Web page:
The research AICR supports and highlights focuses on lifestyle choices people can make to prevent cancer, recurrence, and help survivors. So it may seem odd that one of those factors relates to height, a factor seemingly uncontrollable. The topic grabbed headlines the other week after a new study was published.
It was published in the Lancet Oncology. Here is the abstract.
And you can read more about the study in today’s issue of Cancer Research Update.
For every 10 centimeters (4 inches) increase in height above 5 foot 1 inch, the risk of cancer increased by 16 percent overall. When analyzed by cancer type, ten sites were significantly linked to increased height.
The women were all middle aged and the authors also looked at if the height-cancer link was modified by personal characteristics, including body weight, activity level, socioeconomics. Out of 12 factors, 11 of them did not alter the height-cancer link (only smoking slightly did.)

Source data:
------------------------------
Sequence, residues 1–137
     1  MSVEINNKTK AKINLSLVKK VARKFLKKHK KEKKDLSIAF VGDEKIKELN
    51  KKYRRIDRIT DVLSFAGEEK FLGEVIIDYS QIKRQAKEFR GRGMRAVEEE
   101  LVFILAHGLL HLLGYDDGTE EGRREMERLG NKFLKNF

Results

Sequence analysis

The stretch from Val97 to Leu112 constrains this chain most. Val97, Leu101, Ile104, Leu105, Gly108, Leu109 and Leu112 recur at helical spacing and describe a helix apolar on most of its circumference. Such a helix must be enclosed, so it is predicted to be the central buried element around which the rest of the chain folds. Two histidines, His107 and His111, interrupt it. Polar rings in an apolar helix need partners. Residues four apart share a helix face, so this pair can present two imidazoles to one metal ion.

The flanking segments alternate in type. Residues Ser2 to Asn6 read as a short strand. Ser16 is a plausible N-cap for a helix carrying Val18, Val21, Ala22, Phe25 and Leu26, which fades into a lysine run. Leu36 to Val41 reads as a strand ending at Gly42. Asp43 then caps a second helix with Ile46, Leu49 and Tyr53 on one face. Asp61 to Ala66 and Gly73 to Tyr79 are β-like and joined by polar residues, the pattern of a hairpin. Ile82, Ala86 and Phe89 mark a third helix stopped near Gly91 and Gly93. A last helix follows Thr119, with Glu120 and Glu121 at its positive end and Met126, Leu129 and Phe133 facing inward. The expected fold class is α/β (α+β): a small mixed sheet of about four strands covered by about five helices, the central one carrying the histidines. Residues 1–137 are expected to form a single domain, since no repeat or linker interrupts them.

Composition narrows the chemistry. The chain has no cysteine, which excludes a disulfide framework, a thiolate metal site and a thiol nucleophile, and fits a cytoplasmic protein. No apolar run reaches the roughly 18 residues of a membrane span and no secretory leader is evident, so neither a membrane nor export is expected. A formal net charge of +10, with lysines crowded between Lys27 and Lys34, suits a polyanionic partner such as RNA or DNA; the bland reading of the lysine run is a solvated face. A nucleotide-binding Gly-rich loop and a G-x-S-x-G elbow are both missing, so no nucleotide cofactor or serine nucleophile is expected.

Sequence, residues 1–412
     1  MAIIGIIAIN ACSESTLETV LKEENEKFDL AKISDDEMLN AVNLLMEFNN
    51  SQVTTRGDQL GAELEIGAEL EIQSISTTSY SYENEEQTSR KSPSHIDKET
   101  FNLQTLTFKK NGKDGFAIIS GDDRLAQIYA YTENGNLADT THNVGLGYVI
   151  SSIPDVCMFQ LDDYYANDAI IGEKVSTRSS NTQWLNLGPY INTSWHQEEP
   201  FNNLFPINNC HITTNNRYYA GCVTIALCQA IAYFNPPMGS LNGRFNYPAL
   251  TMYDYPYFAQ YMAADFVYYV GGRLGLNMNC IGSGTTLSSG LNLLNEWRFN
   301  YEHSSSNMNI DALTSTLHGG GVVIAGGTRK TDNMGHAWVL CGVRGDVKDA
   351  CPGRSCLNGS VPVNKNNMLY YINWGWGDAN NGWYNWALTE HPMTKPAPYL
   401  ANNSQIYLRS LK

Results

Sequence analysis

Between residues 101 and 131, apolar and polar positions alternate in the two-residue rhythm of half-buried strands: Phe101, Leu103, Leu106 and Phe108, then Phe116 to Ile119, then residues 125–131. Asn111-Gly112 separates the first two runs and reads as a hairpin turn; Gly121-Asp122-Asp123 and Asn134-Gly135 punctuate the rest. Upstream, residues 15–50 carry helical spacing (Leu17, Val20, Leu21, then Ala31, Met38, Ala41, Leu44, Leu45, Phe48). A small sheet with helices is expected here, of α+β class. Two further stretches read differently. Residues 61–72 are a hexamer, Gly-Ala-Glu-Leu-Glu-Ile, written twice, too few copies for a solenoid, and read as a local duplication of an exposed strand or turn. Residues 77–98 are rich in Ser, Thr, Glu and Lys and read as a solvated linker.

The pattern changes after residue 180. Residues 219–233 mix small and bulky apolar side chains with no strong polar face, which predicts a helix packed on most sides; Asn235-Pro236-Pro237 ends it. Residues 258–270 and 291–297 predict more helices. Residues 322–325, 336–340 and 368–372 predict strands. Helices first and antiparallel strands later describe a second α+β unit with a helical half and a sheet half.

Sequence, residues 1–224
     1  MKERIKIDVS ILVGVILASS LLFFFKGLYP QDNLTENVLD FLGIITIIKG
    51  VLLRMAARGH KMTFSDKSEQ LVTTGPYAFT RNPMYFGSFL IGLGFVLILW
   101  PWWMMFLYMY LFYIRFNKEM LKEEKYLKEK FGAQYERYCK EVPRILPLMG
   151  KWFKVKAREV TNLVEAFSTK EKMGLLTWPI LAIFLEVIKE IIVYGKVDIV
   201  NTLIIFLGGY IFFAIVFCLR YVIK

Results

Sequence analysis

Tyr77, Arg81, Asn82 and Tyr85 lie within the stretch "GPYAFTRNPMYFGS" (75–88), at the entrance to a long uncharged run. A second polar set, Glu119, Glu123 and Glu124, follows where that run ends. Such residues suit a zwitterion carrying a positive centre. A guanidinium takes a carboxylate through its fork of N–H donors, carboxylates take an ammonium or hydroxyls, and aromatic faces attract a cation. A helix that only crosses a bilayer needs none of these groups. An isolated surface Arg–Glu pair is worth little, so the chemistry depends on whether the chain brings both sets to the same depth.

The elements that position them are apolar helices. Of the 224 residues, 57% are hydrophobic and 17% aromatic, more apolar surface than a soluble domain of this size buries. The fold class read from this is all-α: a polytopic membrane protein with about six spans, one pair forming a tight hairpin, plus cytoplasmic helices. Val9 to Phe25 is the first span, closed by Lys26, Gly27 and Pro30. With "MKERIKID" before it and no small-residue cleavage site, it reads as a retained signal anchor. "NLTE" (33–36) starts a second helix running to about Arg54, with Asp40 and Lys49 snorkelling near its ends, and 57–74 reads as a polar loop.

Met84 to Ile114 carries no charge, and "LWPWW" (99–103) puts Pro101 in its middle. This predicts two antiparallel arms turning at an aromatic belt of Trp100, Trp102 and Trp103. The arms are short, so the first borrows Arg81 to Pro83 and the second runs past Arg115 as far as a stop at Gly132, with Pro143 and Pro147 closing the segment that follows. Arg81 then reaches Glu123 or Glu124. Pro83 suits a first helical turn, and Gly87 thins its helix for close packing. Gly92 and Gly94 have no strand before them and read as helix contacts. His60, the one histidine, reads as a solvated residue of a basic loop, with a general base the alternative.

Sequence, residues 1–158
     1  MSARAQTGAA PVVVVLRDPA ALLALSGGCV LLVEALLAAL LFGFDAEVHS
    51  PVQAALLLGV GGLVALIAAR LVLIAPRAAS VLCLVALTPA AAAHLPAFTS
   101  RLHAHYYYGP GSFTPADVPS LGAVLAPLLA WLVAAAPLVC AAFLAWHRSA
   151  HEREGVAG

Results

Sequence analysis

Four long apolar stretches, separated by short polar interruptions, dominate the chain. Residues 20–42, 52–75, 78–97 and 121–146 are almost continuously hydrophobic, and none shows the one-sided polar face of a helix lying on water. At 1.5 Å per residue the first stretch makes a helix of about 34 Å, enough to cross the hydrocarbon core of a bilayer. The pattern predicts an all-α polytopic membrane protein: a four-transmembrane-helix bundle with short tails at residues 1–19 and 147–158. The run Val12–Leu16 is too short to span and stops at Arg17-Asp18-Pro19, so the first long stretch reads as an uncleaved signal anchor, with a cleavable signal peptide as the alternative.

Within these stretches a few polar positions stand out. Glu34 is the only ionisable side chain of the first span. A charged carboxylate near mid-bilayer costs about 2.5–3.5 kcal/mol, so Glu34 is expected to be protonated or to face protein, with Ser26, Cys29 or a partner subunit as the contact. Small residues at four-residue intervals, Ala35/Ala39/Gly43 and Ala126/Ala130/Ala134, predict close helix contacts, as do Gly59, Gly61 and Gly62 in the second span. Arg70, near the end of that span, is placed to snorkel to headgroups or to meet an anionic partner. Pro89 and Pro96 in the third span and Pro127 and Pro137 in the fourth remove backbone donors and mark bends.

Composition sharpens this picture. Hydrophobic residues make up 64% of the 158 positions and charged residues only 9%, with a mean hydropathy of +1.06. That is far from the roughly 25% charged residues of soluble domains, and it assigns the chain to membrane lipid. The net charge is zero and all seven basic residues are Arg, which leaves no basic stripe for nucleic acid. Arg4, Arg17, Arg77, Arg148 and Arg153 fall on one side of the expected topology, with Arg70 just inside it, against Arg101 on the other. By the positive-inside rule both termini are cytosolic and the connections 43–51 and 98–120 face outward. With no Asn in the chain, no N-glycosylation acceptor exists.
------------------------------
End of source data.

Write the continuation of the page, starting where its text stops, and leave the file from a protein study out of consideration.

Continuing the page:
Back in 2007 and again this year, AICR’s expert report and its updates found that the taller people are, the higher their risk for cancers of the colorectum, pancreas, breast, and ovary.
Although as adults our height is set, how tall we are is determined by genetic, environmental, hormonal, and nutritional factors. It’s likely not tallness itself that is the culprit, note the expert report authors, but the factors that influence a person’s height. And for cancer risk, one of the questions scientists are investigating is the role of nutrition in height. Adult height is linked to birth weight, rate of growth, age of puberty, and certain hormones, all of which may be affected by nutrition.
The research is ongoing. So tall women out there, remember that height is only one factor that can influence risk and the amount of increased risk is relatively small. What is known is that Americans – of all heights – can prevent one-third of the most common cancers by maintaining a healthy weight, exercising, and eating healthy.